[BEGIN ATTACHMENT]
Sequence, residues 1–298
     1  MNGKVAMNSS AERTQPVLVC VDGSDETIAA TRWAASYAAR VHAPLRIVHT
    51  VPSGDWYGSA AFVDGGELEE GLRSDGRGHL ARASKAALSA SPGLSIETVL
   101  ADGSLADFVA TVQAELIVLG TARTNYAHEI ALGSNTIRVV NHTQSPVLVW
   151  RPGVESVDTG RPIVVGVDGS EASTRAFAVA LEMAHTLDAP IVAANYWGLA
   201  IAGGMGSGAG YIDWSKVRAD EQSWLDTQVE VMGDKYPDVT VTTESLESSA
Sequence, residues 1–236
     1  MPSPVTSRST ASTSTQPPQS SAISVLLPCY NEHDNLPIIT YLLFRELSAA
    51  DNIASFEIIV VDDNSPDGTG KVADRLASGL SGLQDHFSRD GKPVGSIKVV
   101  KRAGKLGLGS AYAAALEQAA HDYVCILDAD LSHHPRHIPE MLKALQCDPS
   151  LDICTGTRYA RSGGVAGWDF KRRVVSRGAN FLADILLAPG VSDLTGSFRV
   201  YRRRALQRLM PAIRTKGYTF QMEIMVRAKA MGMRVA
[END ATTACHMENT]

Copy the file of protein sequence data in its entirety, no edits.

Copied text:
Sequence, residues 1–298
     1  MNGKVAMNSS AERTQPVLVC VDGSDETIAA TRWAASYAAR VHAPLRIVHT
    51  VPSGDWYGSA AFVDGGELEE GLRSDGRGHL ARASKAALSA SPGLSIETVL
   101  ADGSLADFVA TVQAELIVLG TARTNYAHEI ALGSNTIRVV NHTQSPVLVW
   151  RPGVESVDTG RPIVVGVDGS EASTRAFAVA LEMAHTLDAP IVAANYWGLA
   201  IAGGMGSGAG YIDWSKVRAD EQSWLDTQVE VMGDKYPDVT VTTESLESSA
Sequence, residues 1–236
     1  MPSPVTSRST ASTSTQPPQS SAISVLLPCY NEHDNLPIIT YLLFRELSAA
    51  DNIASFEIIV VDDNSPDGTG KVADRLASGL SGLQDHFSRD GKPVGSIKVV
   101  KRAGKLGLGS AYAAALEQAA HDYVCILDAD LSHHPRHIPE MLKALQCDPS
   151  LDICTGTRYA RSGGVAGWDF KRRVVSRGAN FLADILLAPG VSDLTGSFRV
   201  YRRRALQRLM PAIRTKGYTF QMEIMVRAKA MGMRVA